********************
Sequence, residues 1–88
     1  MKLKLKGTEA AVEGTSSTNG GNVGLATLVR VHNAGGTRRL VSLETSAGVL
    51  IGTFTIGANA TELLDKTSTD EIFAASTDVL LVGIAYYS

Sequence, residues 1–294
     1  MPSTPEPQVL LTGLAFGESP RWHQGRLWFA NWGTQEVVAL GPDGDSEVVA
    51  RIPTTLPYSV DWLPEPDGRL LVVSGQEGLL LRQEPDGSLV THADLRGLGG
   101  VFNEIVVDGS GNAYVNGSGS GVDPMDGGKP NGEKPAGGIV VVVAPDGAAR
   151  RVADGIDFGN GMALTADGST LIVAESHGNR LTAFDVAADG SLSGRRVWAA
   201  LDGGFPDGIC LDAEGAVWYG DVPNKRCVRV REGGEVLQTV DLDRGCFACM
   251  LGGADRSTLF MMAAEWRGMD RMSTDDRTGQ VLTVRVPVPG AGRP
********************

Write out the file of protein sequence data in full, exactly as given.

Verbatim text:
Sequence, residues 1–88
     1  MKLKLKGTEA AVEGTSSTNG GNVGLATLVR VHNAGGTRRL VSLETSAGVL
    51  IGTFTIGANA TELLDKTSTD EIFAASTDVL LVGIAYYS

Sequence, residues 1–294
     1  MPSTPEPQVL LTGLAFGESP RWHQGRLWFA NWGTQEVVAL GPDGDSEVVA
    51  RIPTTLPYSV DWLPEPDGRL LVVSGQEGLL LRQEPDGSLV THADLRGLGG
   101  VFNEIVVDGS GNAYVNGSGS GVDPMDGGKP NGEKPAGGIV VVVAPDGAAR
   151  RVADGIDFGN GMALTADGST LIVAESHGNR LTAFDVAADG SLSGRRVWAA
   201  LDGGFPDGIC LDAEGAVWYG DVPNKRCVRV REGGEVLQTV DLDRGCFACM
   251  LGGADRSTLF MMAAEWRGMD RMSTDDRTGQ VLTVRVPVPG AGRP